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High harvest supply sees domestic prices stable on strong demand. But China prices rise after their ban on Aussie logs, although India under pressure as they become the destination for diverted supply

High harvest supply sees domestic prices stable on strong demand. But China prices rise after their ban on Aussie logs, although India under pressure as they become the destination for diverted supply

The December AWG prices for export grade logs increased by NZ$7-8 per JASm3 from November prices. Log prices increased in China as the market reacted to the ban on Australian logs.

Due to the increase in export log prices the PF Olsen Log Price Index increased by $4 in December to $124. The index is currently $3 above the two-year average, $1 above the three-year average, and $1 above the five-year average.

Domestic Log Market

Log Supply and Pricing

Prices for domestic logs have been stable as we head towards the end of the year. Many mills are closing later than normal for the Christmas holidays as they look to fill orders. Some mills even have shifts working through the holidays. There is plenty of log supply as harvest levels are high.

Sawn Timber Markets

The domestic market for sawn timber across all product ranges continues to be very strong. In many Asian grades such as the cut of log (COL) prices are at 5-year highs.     

Export Log Market

China

The CFR prices for New Zealand pine logs in China has continued to increase. The range for A grade logs is 130 for early December shipments to mid-130’s for later December shipments.

Softwood log inventory in China has dropped by approximately 14% over the last month to 3.0-3.2m m3. Inventory levels have dropped about 30% over the last two months., which is a good sign heading towards the Chinese New Year in February 2021.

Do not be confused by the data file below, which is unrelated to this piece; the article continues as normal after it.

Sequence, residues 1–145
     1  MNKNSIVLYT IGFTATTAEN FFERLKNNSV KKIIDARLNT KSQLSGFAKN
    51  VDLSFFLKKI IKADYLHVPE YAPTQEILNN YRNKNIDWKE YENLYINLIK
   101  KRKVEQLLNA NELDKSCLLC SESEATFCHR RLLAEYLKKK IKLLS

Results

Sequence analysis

Daily log use in China is now back to the 100k to 105k m3 range after peaking at over 120k m3 at the end of October.

China’s ban on export logs and sawn timer has widened to include all of Australia. There is no sign of this changing in the short term. In Quarter 3 of this year Australia supplied approximately 11% of the softwood logs imported by China.

The supply chain costs for spruce from Europe continued to increase due to a shortage of containers.

The longer-term supply situation may be beneficial for New Zealand logs with forecasts that 2021 will be the peak of spruce availability from Europe and a proposed Russian ban on export logs starting in January 2022.

India

Sentiment from log buyers in Kandla is turning negative, with reports of four vessels to load from Uruguay, one from Argentina, two from New Zealand and one from Australia. This is a total of eight ships during December for arrival in Kandla in January. Some of the vessels may yet be diverted to China.

Uruguay logs were sold around 128 USD and New Zealand logs around 136 USD CFR Kandla for A grade longs.

Australian logs are quoted at 115 USD levels, with more micro pulp logs at discounted prices, for which Kandla has little appetite.